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Comparisons of two numbers, measurements, or quantities.

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Stranger Danger?

Credit: Jenn Durfey
Source: http://www.flickr.com/photos/dottiemae/5393326849/
License: CC BY-NC 3.0

A small girl rides her bike along a busy city street. She seems to be alone. Do her parents have great reason to worry about kidnappers? The nightly news might say yes but mathematics tells us no.

Big News is Rare News

How often does a stranger abduct a child under 18? Usually, stranger abductions happen about 100 times a year. That means that the ratio of kids kidnapped by strangers to the total number of children in the U.S. is 1:3,139,140. Meanwhile, 830,000 children, or about 1 in 39,000, die each year. Most of those children die as a result of accidents. So, a mathematically-minded parent would know that the girl on the bike is much more likely to be injured or killed by a motorist than to be kidnapped by a stranger. There’s another factor that contributes to the unlikeliness that a stranger will kidnap the child: most children abducted by strangers are between the ages of 12 and 17.

Credit: Tripp
Source: http://www.flickr.com/photos/trippchicago/4544380566/
License: CC BY-NC 3.0

You can make a kidnapping even less likely if you follow basic safety rules. If you have a cell phone, keep it with you and turned on. Don’t get into cars with people you don’t know. Let a parent or a friend know where you’re going when you leave the house. If your destination changes, text someone to let them know. Finally, if anyone ever tries to grab you or force you to go somewhere, make a fuss. Scream, kick, fight, and attract a crowd. Stranger abductions hardly ever happen, and you can take steps to ensure they don’t happen to you or a loved one.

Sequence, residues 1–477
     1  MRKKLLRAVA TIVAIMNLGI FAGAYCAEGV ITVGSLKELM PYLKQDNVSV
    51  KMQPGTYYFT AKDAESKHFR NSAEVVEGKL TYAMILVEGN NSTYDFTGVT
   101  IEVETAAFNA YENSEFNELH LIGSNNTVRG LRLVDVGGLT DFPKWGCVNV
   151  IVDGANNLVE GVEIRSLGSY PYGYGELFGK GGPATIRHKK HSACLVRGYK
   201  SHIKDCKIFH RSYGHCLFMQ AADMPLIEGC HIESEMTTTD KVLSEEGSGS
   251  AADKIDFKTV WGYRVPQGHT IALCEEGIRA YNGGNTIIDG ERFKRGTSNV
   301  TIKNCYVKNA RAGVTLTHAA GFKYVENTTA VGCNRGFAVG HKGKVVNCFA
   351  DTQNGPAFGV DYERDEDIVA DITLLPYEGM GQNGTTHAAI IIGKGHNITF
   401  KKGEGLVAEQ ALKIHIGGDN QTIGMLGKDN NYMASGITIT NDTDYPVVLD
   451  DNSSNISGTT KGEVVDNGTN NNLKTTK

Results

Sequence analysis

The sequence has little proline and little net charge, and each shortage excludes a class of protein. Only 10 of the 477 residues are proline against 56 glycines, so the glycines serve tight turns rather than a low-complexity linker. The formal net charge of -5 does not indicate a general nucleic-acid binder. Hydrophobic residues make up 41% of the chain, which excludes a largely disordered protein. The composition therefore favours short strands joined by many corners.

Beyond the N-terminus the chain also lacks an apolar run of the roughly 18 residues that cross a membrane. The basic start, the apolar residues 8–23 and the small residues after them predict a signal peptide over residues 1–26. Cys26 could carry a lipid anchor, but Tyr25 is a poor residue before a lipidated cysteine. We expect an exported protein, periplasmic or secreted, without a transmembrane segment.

Take a look at what happens when the public is put to the test: http://www.youtube.com/watch?v=H7dfkZKjWSo

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Watch the videos below for more tips on how to prevent child abductions and an example of when bystanders intervened to stop a kidnapping.




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Image Attributions

  1. [1]^ Credit: Jenn Durfey; Source: http://www.flickr.com/photos/dottiemae/5393326849/; License: CC BY-NC 3.0
  2. [2]^ Credit: Tripp; Source: http://www.flickr.com/photos/trippchicago/4544380566/; License: CC BY-NC 3.0

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